Skip to content

World Mental Health Day: Understanding Our Impact on the Wellbeing of Our Patients

Posted Oct 10th, 2020 in the wire, thought leadership, 2020

Dr. Bruce Freeman, Director of Patient Experience, dentalcorp

Today is World Mental Health Day and, under normal circumstances, this would just be another Saturday for most. According to the Canadian Mental Health Association, every year, 1 in 5 people will experience a mental health problem or illness. New research will undoubtedly reveal those numbers have grown exponentially given our current environment.

I have given a lot of thought to the connection between wellbeing and our profession, and how they are inextricably linked, yet not in the most obvious ways. It has been well-established that our mouths are the gateway to our overall health. Recent research has even shown that regular sanative appointments have a positive impact on stemming the cognitive decline associated with Alzheimer’s Disease. As oral health professionals, we strive to keep a patient’s oral and overall health in good working order. However, we often lose sight of the opportunity we have to make an even bigger impact on a patient’s emotional wellbeing.

When our patients first come to us, it often marks the beginning of a lasting relationship, founded in empathy and compassion. We may often think it is all about what we do as practitioners, but in the end, how we do our jobs and fully addressing why a patient has come to see us is what allows us to provide the best experience for our patients.

We must always remember to return to first principles and be mindful of the words and tone we use with all patients under our care. A fundamental part of what we do as healthcare providers is truly listening to what our patients have to say and how they feel. When meeting a patient for the first time, I always begin our dialogue with, “Why have you come to see me today?” I then ask to hear their story. Dr. Annie Brewster, a physician facing her own healthcare journey with multiple sclerosis stated that, “there is tremendous healing power in stories – for both the storyteller and for those listening.” Research supports her contention that telling our stories helps improve mental health.  

Additionally, compassionate communication can have a positive impact on patients’ receptiveness to our guidance. One study found that when doctors communicate well, their patients are twice as likely to follow through with their recommendations. Conversely, a study on drug compliance revealed there was a sixfold higher risk of noncompliance when the patient’s psychosocial issues were not addressed.

As an orthodontist, I often see patients in the retention phase of treatment for years, well past what is required. I never tell a patient that there is no need to return again.  I simply say that if they wish to schedule another visit, to please do so. What do we do at these sessions? When I ask to see their retainers, they commonly tell me not to worry, they fit just fine (oftentimes they don’t even bring them in).  We then get down to the real reason for the visit: to chat, catch-up on their lives, and share stories.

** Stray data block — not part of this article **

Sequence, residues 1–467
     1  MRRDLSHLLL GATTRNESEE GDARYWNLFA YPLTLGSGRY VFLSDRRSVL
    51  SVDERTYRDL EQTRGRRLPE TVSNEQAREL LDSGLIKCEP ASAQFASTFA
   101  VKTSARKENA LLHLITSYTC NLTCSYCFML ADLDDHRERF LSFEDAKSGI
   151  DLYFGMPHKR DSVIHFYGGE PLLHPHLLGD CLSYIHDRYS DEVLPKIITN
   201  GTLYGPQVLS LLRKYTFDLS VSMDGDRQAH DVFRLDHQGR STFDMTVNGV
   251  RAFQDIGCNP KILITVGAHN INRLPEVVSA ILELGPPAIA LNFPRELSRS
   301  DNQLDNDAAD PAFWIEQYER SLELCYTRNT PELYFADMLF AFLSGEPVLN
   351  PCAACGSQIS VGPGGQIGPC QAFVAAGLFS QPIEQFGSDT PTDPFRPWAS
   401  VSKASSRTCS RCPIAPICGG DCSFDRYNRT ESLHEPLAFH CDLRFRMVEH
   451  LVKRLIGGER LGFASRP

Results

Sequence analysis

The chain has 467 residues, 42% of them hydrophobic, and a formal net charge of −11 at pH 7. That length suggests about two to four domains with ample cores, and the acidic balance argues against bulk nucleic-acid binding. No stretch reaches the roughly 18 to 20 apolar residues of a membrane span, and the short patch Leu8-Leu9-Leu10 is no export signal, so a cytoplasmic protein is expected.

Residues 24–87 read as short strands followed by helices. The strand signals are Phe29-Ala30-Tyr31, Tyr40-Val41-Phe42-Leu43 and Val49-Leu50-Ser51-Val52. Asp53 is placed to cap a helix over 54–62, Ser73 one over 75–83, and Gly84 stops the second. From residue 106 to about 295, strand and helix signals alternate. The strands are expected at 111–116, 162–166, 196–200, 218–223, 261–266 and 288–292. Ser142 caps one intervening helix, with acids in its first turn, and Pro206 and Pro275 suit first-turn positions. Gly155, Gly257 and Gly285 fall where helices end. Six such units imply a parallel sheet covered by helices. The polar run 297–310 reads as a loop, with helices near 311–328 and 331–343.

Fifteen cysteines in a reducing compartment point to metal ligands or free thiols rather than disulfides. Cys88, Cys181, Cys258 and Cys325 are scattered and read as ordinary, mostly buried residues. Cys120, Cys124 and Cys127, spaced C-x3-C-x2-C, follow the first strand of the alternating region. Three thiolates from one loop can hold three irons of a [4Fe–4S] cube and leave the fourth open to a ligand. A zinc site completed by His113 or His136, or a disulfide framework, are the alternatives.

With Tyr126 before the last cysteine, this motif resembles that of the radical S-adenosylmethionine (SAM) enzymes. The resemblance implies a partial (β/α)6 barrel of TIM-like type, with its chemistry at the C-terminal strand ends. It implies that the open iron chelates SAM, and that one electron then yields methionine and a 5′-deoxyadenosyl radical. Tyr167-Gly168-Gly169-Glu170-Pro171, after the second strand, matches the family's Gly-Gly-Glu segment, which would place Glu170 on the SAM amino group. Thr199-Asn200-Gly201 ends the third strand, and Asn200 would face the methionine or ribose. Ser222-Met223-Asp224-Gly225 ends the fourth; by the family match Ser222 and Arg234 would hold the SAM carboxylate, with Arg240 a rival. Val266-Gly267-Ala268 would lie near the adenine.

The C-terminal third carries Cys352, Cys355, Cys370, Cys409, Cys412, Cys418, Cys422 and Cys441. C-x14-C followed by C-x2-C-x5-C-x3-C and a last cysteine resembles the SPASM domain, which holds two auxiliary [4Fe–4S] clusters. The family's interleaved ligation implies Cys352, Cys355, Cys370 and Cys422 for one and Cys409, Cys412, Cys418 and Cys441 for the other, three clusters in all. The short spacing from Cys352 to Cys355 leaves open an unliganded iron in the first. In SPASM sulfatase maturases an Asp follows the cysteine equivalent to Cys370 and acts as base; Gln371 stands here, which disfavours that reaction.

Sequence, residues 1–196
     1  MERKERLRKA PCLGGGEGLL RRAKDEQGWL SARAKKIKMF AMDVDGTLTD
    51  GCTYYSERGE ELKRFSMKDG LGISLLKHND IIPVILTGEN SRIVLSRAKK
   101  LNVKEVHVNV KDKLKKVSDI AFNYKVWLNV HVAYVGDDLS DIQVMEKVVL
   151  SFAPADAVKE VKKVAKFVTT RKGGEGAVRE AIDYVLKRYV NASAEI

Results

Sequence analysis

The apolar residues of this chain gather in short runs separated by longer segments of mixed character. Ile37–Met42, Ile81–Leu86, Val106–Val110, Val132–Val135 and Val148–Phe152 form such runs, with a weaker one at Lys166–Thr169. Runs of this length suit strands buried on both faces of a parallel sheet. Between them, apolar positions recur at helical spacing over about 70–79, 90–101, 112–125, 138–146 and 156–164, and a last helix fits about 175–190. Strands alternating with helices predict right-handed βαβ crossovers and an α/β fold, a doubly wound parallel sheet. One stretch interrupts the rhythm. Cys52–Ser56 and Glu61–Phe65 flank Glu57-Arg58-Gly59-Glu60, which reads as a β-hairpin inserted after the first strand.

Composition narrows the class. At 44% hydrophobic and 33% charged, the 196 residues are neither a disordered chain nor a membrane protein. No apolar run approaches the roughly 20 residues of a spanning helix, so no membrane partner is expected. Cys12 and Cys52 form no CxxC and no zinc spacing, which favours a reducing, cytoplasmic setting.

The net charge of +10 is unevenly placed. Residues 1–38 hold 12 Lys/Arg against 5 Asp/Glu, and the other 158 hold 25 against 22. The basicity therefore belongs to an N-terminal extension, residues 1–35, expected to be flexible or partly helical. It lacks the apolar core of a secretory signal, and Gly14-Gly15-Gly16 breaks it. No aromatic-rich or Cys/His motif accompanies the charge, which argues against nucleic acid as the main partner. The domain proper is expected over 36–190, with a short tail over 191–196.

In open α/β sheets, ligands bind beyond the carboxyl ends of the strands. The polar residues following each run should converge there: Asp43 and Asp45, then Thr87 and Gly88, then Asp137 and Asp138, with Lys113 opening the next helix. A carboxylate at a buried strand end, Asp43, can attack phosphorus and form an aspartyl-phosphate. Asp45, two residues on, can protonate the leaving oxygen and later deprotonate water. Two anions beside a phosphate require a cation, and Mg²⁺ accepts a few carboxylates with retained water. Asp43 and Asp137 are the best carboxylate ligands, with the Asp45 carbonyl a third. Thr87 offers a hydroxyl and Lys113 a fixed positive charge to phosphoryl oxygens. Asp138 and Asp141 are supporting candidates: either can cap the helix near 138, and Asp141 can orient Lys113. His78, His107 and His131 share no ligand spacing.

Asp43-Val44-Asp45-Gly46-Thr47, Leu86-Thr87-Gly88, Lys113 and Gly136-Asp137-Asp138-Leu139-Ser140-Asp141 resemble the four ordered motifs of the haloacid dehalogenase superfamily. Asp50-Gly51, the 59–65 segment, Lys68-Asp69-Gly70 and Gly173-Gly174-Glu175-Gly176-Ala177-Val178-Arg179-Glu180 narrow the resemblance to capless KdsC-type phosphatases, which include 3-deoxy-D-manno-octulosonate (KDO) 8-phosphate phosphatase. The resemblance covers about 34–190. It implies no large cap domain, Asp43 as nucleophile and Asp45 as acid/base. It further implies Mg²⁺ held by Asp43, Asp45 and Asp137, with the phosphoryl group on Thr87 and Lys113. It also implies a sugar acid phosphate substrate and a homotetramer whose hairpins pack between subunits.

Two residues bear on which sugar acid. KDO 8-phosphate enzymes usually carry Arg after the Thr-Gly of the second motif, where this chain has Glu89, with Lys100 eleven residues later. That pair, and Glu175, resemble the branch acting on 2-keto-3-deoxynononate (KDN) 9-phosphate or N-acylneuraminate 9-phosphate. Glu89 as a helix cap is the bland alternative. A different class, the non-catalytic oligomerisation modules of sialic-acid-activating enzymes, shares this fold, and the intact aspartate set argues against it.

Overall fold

Human connectedness can be as therapeutic as medicine. Stephen Porges, the creator of the Polyvagal Theory, stated that “connectedness is a biological imperative. It provides the neurobiological mechanism to link social behaviour and both mental and physical health.” Human connection releases the powerful hormone oxytocin, which facilitates feelings of safety and an ability to be sensitive to others. It further allows for a reduction in fear, anxiety, and inflammation, while helping us avoid the fight-or-flight response when it is not in our best interest. The renowned Harvard Study Of Adult Development assessed the mental health of a group for over 80 years and ultimately concluded that, more than social class, money, or your DNA, it is the close relationships we develop that keep us going. I have spoken with many dentists and allied team members about what they miss most upon retirement. Without question, they all say that it was the relationships they had with their patients that has left a significant void in their lives.

I see dentistry as a process of overcoming and becoming. We help guide our patients to achieving optimal oral health and overall wellbeing, but we also help them overcome associated medical issues, in addition to counseling them on healthy life choices.  We further assist those who entrust us with their health to achieve smiles that are as functional as they are beautiful. We create lasting bonds with our patients and help counsel them through a number of health crises, not all of them physical. Now, more than ever, we serve as a constant in the lives of our patients, someone they can turn to every few months to check-in, talk about life, and of course, gently remind them to floss.

About the Author

Dr. Bruce Freeman is the Director of Patient Experience for dentalcorp, helping dentists across Canada achieve clinical success that results in the best experience for their patients.

Bruce is an international lecturer on clinical orthodontics, facial pain, patient experience, and virtual surgical planning. He is the co-director of the Facial Pain Unit at Mount Sinai Hospital. He further directs the Wellness Program for dental residents at Mount Sinai Hospital, emphasizing how self-care leads to the best patient care.

Bruce is an honours graduate of the University of Toronto. He completed the Advanced Education in General Dentistry program at the Eastman Dental Center in Rochester and returned to the University of Toronto to complete his diploma in orthodontics and his Master of Science degree in temporomandibular disorders and orofacial pain. He is also a certified yoga instructor with additional training in breathing techniques, meditation, and trauma-informed movement. He can be reached at      

Send to FR